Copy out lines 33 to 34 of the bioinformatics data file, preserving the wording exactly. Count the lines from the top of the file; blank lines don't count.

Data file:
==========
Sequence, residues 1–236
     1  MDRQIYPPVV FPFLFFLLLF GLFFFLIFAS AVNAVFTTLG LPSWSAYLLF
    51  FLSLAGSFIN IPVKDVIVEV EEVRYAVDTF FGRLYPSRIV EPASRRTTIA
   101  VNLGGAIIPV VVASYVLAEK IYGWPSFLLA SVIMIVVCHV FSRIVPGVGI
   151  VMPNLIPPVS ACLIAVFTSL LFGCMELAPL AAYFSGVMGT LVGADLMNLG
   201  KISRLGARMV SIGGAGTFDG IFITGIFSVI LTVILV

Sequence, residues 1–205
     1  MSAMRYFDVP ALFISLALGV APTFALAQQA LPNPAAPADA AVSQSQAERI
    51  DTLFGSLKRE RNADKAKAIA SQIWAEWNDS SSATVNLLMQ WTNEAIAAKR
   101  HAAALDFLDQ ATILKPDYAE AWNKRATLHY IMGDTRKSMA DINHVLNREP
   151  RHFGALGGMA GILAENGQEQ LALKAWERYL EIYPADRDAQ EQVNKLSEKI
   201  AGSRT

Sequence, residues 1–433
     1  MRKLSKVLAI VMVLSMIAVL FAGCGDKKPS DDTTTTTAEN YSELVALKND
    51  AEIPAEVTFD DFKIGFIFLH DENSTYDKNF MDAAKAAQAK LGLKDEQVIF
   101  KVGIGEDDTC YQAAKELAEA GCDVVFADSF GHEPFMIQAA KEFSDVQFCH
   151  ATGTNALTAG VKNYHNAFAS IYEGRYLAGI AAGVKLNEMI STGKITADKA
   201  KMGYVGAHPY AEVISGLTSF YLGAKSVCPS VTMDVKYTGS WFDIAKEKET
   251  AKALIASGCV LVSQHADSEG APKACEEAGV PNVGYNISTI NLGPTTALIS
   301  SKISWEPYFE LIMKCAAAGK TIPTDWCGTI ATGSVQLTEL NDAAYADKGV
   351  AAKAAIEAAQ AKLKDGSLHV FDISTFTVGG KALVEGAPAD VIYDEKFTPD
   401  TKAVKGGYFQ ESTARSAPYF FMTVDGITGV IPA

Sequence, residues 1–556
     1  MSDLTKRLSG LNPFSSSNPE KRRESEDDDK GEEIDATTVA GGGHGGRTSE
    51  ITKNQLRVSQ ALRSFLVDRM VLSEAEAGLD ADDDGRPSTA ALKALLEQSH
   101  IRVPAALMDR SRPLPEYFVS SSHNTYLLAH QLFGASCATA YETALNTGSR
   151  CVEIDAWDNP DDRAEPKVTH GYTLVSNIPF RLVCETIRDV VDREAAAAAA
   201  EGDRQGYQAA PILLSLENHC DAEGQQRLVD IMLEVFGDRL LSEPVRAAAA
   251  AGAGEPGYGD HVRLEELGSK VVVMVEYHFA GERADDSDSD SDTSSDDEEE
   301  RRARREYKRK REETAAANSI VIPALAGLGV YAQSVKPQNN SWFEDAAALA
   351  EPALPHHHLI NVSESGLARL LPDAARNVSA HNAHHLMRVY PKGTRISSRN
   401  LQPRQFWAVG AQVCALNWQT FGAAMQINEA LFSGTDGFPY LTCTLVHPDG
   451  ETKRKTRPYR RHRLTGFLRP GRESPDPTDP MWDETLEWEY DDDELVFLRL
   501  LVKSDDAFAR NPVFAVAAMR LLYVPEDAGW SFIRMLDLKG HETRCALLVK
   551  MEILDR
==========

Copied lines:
   451  ETKRKTRPYR RHRLTGFLRP GRESPDPTDP MWDETLEWEY DDDELVFLRL
   501  LVKSDDAFAR NPVFAVAAMR LLYVPEDAGW SFIRMLDLKG HETRCALLVK